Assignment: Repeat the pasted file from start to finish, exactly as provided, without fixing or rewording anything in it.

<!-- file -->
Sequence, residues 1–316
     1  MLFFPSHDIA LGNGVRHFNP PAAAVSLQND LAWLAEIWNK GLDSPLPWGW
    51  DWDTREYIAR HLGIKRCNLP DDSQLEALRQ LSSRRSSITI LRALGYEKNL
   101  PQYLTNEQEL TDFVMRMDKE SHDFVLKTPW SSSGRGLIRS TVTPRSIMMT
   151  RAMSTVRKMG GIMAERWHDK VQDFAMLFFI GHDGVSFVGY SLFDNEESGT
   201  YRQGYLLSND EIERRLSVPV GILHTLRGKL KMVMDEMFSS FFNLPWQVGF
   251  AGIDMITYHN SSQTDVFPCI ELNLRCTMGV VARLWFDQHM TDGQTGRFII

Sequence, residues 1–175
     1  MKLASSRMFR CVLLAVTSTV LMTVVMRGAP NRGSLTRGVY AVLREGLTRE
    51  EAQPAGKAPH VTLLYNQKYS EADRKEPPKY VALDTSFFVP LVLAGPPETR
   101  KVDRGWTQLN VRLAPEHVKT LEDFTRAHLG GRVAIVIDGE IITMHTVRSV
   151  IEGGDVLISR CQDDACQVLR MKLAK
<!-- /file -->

Sequence, residues 1–316
     1  MLFFPSHDIA LGNGVRHFNP PAAAVSLQND LAWLAEIWNK GLDSPLPWGW
    51  DWDTREYIAR HLGIKRCNLP DDSQLEALRQ LSSRRSSITI LRALGYEKNL
   101  PQYLTNEQEL TDFVMRMDKE SHDFVLKTPW SSSGRGLIRS TVTPRSIMMT
   151  RAMSTVRKMG GIMAERWHDK VQDFAMLFFI GHDGVSFVGY SLFDNEESGT
   201  YRQGYLLSND EIERRLSVPV GILHTLRGKL KMVMDEMFSS FFNLPWQVGF
   251  AGIDMITYHN SSQTDVFPCI ELNLRCTMGV VARLWFDQHM TDGQTGRFII

Sequence, residues 1–175
     1  MKLASSRMFR CVLLAVTSTV LMTVVMRGAP NRGSLTRGVY AVLREGLTRE
    51  EAQPAGKAPH VTLLYNQKYS EADRKEPPKY VALDTSFFVP LVLAGPPETR
   101  KVDRGWTQLN VRLAPEHVKT LEDFTRAHLG GRVAIVIDGE IITMHTVRSV
   151  IEGGDVLISR CQDDACQVLR MKLAK